Hurry up and wait. Today was dominated by the call to action: hurry up and wait. I hurried to make sure I would be available for vendors to deliver office equipment– monitors, keyboards, televisions, printers– only to wait to learn they will arrive early tomorrow morning. I hurried to make sure our assignments from the Congressional press galleries in the press stands, the central camera stand and the digital darkroom were what we had requested and been allocated only to learn that some of the spots were either confused, missing, still under construction, or left off the construction plans. So I waited for the press galleries to straighten things out with the contractors. All of this was not as bad as I may be making it out to be. It allowed me some time to catch up with other bits of the project. I got to do some work on QoS policy writing, performance testing and connectivity testing.
Some of the more interesting moments today were the meals. For lunch one of the broadcast engineers from KWGN took us to the Paramount Cafe. As soon as I walked in I immediately recognized it from when I would come up to Denver and go to Wax Trax on Colfax to buy records and then come down onto the 16th Street Mall for lunch. That was twenty years ago. Today a startling wash of nostalgia came over me as I stepped inside and sat down.
Four more people arrived in Denver today from Tribune. One left. There are now nine of us in town doing setup work for the convention coverage. For dinner we went as one big group to dinner at The Buckhorn Exchange. In their own words:
Denver’s original steakhouse, The Buckhorn Exchange is located in the city’s oldest neighborhood. This National Historic Landmark and Western Museum has been serving the finest in Old West fare since 1893. Prime grade beef steaks, buffalo prime rib, elk, salmon, quail, game hen, and succulent baby-back pork ribs are just some of the marvelous offerings on the Buckhorn menu. Exotic appetizers such as alligator tail, rattlesnake and buffalo sausage are available, and no dinner is complete without the house specialty, Rocky Mountain Oysters.
To the best of my recollection, I had never been to the Buckhorn Exchange before. I had thought about bringing the camera along to dinner to maybe take some sunset shots of the city. Schedules with a large group have a way of stretching out and I lost the light and put away the camera before we’d made plans on where we were going to go. Now I wish I had taken my camera with me to get some pictures of the inside of the place. The Buckhorn Exchange holds Colorado liquour license Number One. Live musicians perform nightly. Its walls hold a rare 575-piece taxidermy collection and a 125-piece gun collection. Elk, deer, moose, bison, big horn sheep, mountain lion, Colt .45s, Winchesters, Derringers, and a 1889 Sharp’s sporting rifle– to name just a few highlights.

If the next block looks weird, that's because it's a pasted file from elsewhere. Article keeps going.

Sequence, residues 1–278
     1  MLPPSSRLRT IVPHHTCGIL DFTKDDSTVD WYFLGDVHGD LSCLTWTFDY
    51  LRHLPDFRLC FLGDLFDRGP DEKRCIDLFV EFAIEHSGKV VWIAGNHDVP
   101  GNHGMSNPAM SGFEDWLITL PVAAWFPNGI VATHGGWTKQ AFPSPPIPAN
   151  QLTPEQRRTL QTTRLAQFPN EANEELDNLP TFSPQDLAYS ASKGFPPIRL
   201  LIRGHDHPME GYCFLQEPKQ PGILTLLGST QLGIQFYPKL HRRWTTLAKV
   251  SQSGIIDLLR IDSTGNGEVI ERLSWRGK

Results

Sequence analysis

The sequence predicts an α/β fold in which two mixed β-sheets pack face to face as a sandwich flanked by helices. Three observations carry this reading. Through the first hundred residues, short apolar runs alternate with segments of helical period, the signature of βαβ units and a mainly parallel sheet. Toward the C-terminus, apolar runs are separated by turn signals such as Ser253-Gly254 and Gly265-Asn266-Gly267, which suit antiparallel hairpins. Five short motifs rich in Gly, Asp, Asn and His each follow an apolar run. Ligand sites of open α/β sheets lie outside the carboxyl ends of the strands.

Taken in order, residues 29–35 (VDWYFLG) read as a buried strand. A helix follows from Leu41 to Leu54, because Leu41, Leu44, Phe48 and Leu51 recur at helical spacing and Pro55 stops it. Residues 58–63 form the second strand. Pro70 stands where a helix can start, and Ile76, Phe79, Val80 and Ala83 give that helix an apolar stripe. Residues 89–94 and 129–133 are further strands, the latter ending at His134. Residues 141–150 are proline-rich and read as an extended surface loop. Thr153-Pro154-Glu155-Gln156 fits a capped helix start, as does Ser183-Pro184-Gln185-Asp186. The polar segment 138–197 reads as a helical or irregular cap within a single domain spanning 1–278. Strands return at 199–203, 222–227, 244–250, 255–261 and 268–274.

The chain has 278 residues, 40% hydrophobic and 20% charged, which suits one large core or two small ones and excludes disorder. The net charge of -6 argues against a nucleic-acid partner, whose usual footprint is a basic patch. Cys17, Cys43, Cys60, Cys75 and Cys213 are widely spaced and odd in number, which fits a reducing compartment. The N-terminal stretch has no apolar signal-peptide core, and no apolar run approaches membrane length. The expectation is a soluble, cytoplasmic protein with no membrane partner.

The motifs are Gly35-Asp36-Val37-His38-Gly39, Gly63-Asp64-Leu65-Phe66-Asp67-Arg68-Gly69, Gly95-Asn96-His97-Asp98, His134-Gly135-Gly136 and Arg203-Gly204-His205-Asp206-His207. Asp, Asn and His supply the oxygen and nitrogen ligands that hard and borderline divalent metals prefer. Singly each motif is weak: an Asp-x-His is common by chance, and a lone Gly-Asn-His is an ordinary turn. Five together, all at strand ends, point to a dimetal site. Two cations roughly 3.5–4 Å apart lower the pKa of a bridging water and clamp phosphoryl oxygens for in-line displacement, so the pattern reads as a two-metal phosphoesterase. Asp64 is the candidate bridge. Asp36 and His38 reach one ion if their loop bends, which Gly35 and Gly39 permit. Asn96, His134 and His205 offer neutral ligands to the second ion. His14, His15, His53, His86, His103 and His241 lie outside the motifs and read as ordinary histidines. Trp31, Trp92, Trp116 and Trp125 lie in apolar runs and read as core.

In convention news, we learned that the DNCC will reveal the stage on Friday, so I should be able to get in there and take some more pictures of what it looks like as well as publish some of the previous pictures I had taken during its construction. I also learned that my city mayor, Richard M. Daley will be speaking at the DNC convention on Wednesday, August 27th– not that Daley is a particularly inspiring public speaker, but it seemed slightly relevant at the time I learned it.
Tomorrow I am going to try and see if I can’t find a way to take a picture of the building outside the Pepsi Center CNN has taken over for the duration of the convention. CNN has completely repainted the outside of the historic brick building with sloganism and marketing. I find it fascinating in a slow-moving train wreck sort of way.